The availability of inexpensive portable-scale solar panels, batteries, and chargers makes building a structure to support them a worthwhile project. For less than $20 and a couple of spare hours, just about anyone with a small space exposed to a few hours of sun should be able to build their own customized stand to meet some of their electricity needs.
To make the stand suitable for a particular location, (celestial) cube-based geometry is engaged and the following poses an example of how mine came out. To support would might be characterized as a doll house-sized “roof”, I took a piece of 2” X 8” lumber and chop-sawed it at the angle of my latitude (35°). In making this cut, I could use both sides for the base.
On top of the 2” thick edge, I nailed a 1” X 8” board to accommodate the panel. That is all there is to the stand’s structure which is quite easily moved to and away from a sunny spot facing solar noon for a few hours. Other considerations remain. To harmonize the base structure with its surroundings, I took the safe approach and simply followed the home’s 2-tone color scheme to make it seem like a part of it. For those who possess an advanced artistic sense, a color scheme might be chosen to distinguish the stand in a complementary way.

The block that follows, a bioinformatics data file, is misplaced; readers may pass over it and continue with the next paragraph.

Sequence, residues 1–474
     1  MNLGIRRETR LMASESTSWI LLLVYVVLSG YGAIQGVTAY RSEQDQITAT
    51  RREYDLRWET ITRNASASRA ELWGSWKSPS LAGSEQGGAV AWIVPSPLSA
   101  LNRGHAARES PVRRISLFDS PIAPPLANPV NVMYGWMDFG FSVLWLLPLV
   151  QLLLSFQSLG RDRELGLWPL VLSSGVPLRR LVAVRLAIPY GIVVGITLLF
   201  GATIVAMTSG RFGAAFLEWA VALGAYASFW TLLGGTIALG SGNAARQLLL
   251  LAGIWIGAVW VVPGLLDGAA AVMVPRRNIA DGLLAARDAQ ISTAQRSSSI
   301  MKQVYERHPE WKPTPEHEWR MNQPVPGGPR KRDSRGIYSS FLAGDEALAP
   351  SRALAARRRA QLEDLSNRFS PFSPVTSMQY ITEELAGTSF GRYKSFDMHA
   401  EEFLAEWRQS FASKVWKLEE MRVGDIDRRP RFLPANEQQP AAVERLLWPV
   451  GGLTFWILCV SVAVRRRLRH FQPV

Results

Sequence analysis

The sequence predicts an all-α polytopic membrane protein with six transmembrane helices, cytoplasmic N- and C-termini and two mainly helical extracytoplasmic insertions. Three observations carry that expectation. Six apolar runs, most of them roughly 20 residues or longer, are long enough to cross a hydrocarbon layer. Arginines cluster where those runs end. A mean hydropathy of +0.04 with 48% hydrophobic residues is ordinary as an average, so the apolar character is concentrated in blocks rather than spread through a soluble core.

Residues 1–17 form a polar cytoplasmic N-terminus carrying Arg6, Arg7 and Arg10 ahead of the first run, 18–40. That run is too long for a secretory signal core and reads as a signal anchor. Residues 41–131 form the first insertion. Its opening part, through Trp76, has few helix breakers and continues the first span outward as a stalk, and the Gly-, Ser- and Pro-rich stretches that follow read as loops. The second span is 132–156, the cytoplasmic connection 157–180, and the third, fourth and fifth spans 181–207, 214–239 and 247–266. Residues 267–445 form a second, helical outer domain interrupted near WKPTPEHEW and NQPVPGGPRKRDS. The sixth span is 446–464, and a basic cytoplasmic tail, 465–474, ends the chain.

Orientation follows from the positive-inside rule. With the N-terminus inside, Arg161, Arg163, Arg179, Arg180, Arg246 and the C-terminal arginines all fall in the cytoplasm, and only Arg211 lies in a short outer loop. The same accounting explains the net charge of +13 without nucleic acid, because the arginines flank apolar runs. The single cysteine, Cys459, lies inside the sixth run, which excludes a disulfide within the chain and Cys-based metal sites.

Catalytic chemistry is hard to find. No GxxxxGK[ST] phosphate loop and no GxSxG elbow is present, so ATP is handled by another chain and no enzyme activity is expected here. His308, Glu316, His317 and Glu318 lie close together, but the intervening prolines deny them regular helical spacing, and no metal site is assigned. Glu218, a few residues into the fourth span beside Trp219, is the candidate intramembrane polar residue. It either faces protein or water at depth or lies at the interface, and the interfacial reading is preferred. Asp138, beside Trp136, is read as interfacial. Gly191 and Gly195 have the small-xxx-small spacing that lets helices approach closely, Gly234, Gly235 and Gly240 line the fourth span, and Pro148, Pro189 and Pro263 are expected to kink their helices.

But paint is more than just for aesthetics. For the top sun-facing surface around the panel, a color selection is required to counter the ill effects of the low albedo panel because, truthfully, its blackness absorbs (and re-radiates) sunlight just as the much if not more than the popularly demonized carbon dioxide molecule. Luckily the antidote for this is to simply paint the surface around the panel with a high albedo hue to reflect light right back to space.
Generally speaking, the default color choice for this is (glossy) white. By painting an area white equal to that of the panel, the overall albedo of the stand’s “roof” is increased. This translates to both global and local cooling effects. Regarding the latter, I can confirm a quite a noticeable difference when handling the panel after several hours of exposure. The cooling effect around the panel also makes it run more efficiently. One can fine tune the albedo factor by proportioning exposed area to a desired ratio and/or by tinting the white with softer colors and/or creating a pattern to make the panel less conspicuous and imposing.
My half square foot, 6 watt panel with the corner ear loops cost $50 and the 5000 mAh battery is sufficient to handle my personal lighting needs, as well as being able to charge an AA/AAA battery charger to run other items like bike lights, an mp3 player/radio, and a computer mouse.
All energy sources have their positives and negatives and I believe it is fitting and wise to match each type to its use. In my view, the direct semi-conducting driven process of photo-voltaics should be applied to semiconductor devices – LEDs, computers, TVs, stereos, etc. To do so would take care of a significant chunk of the electricity usage spectrum.